WHO DO YOU SHOOT FOR?

As a photographer, when I am looking at other photographers’ pictures, I am more critical than the average viewer. Anyone else next to me is content with enjoying the image for whatever reason while I judge the light, concept, and composition. Anyone else may say, “That’s cool,” while I say, “Those are great catch-lights,” or, “It isn’t very sharp.” Anyone else is impressed with a photograph which employs selective color while I bash it for being cliché.

Who do you shoot for? The average person who makes up 99% of your clientele? My advice (which probably does not count for much) is to shoot for yourself. Not that you should stop sharing your images with the public, but when taking the pictures, do so for yourself. For your passion, inspiration, or comical relief.

Why? Say you shoot portraits and your clientele consists of people with little or no photographic experience. If you shoot for them it will be doing the bare minimum. You will slack off and your pictures will never improve. A good deal of customers have what I would consider low expectations and may not push you to be more creative or ground-breaking. Most parents will buy prints of their children’s school picture; even if they are crap. A good photographer knows that this does not mean it is acceptable to take mediocre pictures of children just because they can. Can and should are very different concepts.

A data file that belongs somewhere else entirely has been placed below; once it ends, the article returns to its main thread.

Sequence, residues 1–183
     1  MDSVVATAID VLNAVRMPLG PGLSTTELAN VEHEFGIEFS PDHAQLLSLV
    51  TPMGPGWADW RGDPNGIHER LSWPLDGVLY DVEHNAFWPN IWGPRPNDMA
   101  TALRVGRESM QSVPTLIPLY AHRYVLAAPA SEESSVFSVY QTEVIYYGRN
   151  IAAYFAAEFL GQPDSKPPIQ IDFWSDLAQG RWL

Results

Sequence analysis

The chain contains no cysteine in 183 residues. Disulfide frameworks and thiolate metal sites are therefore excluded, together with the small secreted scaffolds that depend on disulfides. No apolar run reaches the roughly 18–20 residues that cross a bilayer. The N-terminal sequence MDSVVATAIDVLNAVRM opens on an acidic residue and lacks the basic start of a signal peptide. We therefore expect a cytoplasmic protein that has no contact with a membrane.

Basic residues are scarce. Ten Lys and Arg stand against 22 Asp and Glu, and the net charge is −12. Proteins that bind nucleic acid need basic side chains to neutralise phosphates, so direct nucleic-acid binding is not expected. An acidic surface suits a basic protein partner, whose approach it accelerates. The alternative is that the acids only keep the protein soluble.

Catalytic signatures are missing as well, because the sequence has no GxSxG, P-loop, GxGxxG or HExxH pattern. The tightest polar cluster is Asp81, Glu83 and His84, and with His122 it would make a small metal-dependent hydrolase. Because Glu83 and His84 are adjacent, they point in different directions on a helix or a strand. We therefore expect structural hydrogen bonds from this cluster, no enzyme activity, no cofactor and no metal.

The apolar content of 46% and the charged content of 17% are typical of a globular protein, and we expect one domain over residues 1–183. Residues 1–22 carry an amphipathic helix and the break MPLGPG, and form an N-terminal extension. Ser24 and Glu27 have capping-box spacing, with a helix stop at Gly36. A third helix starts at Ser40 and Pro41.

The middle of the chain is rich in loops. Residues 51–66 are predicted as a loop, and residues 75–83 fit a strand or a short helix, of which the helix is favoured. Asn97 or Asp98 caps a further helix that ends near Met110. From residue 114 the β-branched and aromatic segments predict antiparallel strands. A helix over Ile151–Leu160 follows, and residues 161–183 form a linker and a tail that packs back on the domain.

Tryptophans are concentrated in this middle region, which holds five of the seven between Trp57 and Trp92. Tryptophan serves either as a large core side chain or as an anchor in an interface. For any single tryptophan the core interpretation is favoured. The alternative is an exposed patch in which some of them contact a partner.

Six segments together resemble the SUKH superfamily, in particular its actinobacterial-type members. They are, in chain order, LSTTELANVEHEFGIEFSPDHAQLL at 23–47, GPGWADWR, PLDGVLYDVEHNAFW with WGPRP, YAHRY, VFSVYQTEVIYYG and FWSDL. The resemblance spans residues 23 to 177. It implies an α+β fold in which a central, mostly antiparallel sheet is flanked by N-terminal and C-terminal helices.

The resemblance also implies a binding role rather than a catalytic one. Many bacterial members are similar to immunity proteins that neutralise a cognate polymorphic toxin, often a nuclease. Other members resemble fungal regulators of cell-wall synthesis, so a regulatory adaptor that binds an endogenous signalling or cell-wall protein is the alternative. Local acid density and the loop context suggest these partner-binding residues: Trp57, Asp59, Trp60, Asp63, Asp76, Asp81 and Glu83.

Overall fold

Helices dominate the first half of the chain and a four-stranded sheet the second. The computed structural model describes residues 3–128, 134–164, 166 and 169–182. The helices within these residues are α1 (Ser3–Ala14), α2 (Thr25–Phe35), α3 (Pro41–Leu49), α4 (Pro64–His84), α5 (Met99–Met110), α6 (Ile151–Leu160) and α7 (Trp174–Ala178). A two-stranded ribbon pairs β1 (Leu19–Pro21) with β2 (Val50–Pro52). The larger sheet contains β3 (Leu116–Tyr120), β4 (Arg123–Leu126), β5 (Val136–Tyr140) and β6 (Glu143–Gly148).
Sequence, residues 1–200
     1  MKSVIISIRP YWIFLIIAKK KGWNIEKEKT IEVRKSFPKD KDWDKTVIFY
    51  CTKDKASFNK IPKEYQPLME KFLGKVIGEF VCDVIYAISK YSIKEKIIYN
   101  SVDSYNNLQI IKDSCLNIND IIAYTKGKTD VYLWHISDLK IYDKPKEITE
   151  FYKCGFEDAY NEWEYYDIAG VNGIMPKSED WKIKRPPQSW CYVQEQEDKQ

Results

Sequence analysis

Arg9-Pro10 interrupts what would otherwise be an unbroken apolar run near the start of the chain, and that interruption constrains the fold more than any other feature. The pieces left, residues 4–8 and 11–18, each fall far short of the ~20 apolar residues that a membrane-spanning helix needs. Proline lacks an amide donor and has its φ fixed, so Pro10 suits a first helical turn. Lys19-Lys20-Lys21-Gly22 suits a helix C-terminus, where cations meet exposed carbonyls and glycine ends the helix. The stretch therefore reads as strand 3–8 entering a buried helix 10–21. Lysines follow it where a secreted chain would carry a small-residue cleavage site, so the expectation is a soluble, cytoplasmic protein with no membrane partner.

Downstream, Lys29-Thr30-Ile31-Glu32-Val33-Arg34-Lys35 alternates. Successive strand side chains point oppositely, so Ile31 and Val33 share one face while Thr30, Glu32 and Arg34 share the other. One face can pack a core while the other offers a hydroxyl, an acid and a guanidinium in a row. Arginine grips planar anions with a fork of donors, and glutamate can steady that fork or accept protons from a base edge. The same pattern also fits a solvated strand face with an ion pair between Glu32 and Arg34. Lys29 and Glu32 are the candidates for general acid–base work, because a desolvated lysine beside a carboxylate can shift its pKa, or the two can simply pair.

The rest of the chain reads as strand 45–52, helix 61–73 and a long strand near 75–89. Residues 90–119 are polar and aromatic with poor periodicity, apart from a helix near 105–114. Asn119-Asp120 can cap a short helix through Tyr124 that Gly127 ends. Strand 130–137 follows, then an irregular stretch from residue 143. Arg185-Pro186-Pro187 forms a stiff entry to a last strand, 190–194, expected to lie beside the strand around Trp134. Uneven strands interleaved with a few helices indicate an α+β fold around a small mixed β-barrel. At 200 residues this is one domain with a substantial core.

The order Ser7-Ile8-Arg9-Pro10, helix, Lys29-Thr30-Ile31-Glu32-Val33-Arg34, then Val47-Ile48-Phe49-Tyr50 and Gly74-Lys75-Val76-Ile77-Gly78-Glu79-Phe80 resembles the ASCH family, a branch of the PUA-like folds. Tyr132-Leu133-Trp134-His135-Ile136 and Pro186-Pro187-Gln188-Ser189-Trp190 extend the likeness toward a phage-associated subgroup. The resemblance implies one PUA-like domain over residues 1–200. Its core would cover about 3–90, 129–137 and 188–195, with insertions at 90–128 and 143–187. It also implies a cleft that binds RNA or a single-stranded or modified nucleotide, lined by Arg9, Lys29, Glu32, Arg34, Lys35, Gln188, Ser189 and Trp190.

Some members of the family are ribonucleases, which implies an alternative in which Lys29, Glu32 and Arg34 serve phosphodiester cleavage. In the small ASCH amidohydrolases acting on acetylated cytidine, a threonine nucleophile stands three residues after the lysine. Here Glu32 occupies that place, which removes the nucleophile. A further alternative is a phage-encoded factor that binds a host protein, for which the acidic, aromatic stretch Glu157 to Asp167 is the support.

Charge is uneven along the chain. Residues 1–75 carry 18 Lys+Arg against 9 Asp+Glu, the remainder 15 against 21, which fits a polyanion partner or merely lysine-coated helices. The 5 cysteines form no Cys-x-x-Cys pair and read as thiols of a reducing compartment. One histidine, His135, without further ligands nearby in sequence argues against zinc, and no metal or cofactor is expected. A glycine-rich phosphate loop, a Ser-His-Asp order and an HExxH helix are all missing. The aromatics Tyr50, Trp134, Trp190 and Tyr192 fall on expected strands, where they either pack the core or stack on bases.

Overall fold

Last week I attended a friend’s band practice. I was sitting there listening, bobbing my head like an idiot, and loving the music. They stopped. The beat of the vocals and drums did not match up. They could have fooled me- or anyone who attended a show. Yet the beat was continuously pounded until it was felt to be right. The band, No Excuses, knows how to create. They do it for themselves.

Inspiration comes from your heart. Places you go and experiences you have will cause inspiration but without you to comprehend the inspiration, it is all useless. So shoot for yourself, shoot out of passion. Personalize your images. Become in touch with yourself and your photography will improve.

take a picture,

jack pope

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